If the error is resolved after disabling the firewall, it suggests that the security firewall was blocking legitimate REST API requests. This doesn’t necessarily mean that the firewall itself is faulty; it may have been triggered by a false positive.
Step 5: Once you’ve confirmed that the security firewall was the source of the problem, re-enable it according to the plugin’s instructions. You need to keep your website secure.
But, when activating the plugin, make sure to configure it properly to prevent false positives. That ensures your security firewall doesn’t block essential requests, review and configure the firewall settings carefully.
#7 Turn on the Debug in the WordPress
Enabling debugging allows you to capture error messages and warnings, which can provide insights into the root cause of the invalid JSON response in WordPress. Here’s how you can fix the invalid JSON error in WordPress by turning on the debugging.
Step 1: Log into the WordPress admin dashboard.
Step 2: Access the wp-config.php file located in the root directory, through the FTP client or hosting file manager.
Step 3: After locating the wp-config.php file, open and edit it through a text or code editor like Notepad or Visual Studio Code.
Step 4: Now, locate the section containing WordPress database settings in the wp-config.php, and add the following code excerpt.
Here’s what each line does:
- WP_DEBUG: This sets debugging mode to “true.”
- WP_DEBUG_LOG: It logs debugging information to a file named “debug.log” located in the “wp-content” directory.
Step 5: Save the changes you have made to the ‘wp-config.php’ file.
After that, visit your website and repeat the actions that lead to the invalid JSON error in WordPress.
Step 6: Look for and open the “debug.log” file, i.e. the WordPress error logs, and review the content.
The entries in the debug log will provide details about what might be causing the invalid JSON error in WordPress. Based on the debug log, you can start troubleshooting the issue. Errors and warnings in the log may point to specific themes, plugins, or server-related problems that need attention.
Step 7: Identify the cause and fix the invalid JSON error in WordPress, and then disable the debugging to prevent the indefinite growth of the debug log. For that, simply set ‘WP_DEBUG’ to ‘false’ in the ‘wp-config.php’ file.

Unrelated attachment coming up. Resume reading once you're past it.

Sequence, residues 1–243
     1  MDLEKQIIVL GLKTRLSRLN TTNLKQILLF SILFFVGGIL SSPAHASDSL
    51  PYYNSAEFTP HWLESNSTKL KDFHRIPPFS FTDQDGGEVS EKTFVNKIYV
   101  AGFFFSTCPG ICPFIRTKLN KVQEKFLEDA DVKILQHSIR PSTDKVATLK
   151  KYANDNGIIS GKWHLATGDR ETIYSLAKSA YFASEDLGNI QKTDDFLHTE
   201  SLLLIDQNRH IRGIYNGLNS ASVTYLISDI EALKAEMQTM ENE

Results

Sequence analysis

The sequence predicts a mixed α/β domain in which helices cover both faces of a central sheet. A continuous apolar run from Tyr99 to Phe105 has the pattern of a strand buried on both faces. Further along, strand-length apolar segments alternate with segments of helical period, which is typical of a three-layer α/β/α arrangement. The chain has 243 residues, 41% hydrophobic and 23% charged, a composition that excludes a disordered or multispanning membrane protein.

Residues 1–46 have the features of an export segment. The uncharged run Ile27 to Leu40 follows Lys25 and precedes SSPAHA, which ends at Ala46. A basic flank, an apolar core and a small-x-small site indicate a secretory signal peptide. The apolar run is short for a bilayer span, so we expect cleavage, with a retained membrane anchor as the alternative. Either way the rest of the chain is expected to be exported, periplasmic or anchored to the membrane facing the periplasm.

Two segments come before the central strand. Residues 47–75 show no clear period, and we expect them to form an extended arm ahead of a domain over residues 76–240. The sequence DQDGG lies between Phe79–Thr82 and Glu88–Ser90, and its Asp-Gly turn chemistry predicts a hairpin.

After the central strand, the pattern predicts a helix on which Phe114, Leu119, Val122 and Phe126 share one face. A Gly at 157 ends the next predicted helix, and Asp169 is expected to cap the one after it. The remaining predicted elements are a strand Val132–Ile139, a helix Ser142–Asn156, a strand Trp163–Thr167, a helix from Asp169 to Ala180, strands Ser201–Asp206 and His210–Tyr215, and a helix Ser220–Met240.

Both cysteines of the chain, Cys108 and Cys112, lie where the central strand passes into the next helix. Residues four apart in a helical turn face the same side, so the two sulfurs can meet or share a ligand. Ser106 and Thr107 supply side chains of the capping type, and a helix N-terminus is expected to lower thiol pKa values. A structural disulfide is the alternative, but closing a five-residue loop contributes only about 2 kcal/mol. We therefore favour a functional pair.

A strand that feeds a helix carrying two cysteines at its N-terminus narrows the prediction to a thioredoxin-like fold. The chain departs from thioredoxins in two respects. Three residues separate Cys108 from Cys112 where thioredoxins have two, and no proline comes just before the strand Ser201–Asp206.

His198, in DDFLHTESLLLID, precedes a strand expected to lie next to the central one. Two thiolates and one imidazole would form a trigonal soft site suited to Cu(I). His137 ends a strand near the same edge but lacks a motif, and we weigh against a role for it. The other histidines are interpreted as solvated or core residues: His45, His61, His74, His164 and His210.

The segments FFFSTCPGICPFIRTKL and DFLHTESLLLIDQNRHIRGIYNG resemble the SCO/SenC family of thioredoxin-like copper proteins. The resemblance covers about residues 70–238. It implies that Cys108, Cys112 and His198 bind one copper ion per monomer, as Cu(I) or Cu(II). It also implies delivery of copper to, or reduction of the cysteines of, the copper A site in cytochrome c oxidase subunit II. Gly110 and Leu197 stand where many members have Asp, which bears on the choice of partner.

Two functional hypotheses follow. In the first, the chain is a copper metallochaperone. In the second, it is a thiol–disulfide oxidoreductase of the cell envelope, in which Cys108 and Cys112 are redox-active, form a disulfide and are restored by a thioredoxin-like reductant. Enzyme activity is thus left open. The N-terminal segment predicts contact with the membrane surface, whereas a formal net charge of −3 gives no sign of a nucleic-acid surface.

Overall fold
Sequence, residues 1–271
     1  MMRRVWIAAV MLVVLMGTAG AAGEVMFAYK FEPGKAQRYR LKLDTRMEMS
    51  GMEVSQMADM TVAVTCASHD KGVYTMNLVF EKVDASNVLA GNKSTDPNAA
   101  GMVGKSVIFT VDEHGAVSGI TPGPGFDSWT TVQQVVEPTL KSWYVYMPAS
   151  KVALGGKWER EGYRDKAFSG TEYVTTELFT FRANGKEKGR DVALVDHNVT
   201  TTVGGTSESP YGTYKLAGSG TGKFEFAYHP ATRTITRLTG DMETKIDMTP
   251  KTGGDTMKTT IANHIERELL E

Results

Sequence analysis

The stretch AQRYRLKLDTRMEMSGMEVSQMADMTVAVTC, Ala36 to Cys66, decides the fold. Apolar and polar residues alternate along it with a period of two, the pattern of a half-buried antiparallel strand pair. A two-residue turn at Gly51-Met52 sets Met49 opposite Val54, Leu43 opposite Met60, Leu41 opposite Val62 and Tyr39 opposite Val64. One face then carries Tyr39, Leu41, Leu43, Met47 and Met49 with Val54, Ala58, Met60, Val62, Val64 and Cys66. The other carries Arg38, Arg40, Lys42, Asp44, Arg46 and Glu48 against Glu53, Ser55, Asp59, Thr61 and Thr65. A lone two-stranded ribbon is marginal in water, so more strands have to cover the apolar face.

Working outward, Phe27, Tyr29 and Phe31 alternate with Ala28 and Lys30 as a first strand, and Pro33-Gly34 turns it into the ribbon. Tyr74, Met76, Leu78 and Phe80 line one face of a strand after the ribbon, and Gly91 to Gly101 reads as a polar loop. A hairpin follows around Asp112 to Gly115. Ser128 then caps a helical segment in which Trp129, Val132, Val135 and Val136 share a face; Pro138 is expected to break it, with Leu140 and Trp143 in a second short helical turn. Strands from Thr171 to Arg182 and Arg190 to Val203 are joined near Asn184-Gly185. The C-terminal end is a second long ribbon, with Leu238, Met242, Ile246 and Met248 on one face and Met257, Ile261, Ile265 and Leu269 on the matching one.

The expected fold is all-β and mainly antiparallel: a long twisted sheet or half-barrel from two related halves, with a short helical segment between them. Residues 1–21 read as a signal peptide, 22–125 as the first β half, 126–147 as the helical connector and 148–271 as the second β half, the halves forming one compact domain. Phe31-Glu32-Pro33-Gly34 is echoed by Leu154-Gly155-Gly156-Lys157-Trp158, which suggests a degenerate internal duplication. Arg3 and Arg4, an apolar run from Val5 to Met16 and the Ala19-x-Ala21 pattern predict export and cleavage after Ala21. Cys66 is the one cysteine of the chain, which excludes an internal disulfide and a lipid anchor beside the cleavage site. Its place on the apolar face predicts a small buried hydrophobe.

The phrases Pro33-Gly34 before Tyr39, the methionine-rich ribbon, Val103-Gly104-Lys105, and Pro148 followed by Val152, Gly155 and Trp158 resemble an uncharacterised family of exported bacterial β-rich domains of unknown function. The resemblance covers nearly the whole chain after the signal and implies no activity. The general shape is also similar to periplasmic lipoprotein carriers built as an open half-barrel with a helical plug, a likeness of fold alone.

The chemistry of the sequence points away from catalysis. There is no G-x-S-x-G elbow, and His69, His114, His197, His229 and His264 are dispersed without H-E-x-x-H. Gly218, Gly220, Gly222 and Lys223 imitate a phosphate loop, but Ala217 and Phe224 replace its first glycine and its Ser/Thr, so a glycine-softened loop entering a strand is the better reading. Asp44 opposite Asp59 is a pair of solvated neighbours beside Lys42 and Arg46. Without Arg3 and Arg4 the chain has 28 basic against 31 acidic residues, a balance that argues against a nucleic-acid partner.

After making changes based on the debug log, perform additional testing to ensure that the “Invalid JSON Error” is resolved. Although debugging in WordPress is a powerful tool for diagnosing and fixing issues, it should be performed cautiously, since it contains a lot of sensitive data.
#8 Upload Media Files Through the Media Library
As part of the troubleshooting steps for fixing the invalid JSON error in WordPress, upload the media files through the WordPress media library.
Step 1: Log into the WordPress dashboard, go to the “Media” section, and click on “Library”.
Step 2: At the top of the Media Library page and click on the “Add New” button. Then select a media file from your computer, and upload it to your website.
Step 3: If you encounter the invalid JSON error in WordPress during or after uploading the media file, take note of the details of the error message.
Step 4: If the error occurs during the media upload process, it suggests that there may be an issue related to media handling or file processing on your server. Possible causes could include server resource limitations, incorrect file permissions, or a corrupted media file.
To fix the invalid JSON response error in WordPress, try the following:
- Check your server’s resource usage and available disk space.
- Ensure that file and folder permissions are set correctly on your server.
- Verify the integrity of the media file by uploading a different file to see if the error persists.
- Contact your hosting provider for assistance with server-related issues.
You have to understand the invalid JSON error in WordPress can be due to a variety of reasons, and the resolution will depend on it. So if you want to accurately identify the cause behind the invalid JSON error in WordPress, I would suggest you hire professional WordPress developers. With their vast developer resources, these experts will diagnose and fix the invalid JSON error in WordPress quite effectively.
FAQs Related to Fixing the Invalid JSON Error in WordPress
Almost every WordPress user uses Gutenberg editor for its versatility, flexibility, and outstanding user experience. But this block character also introduces a unique problem, the invalid JSON response error in WordPress.
But don’t worry, here are a few methods to fix the invalid JSON error in WordPress.
- Check SSL and mixed content error
- Disable the block editor and switch back to Classic Editor
- Resolve WordPress REST API conflict
- Change the WordPress permalink structure & regenerate the ‘.htaccess’ file
- Check the themes and plugins
- Temporarily disable the security firewall
- Turn on the debug in the WordPress
- Upload media files through the Media Library
If you still encounter an invalid JSON response or another error on the WordPress website, I suggest you consult with our experts today!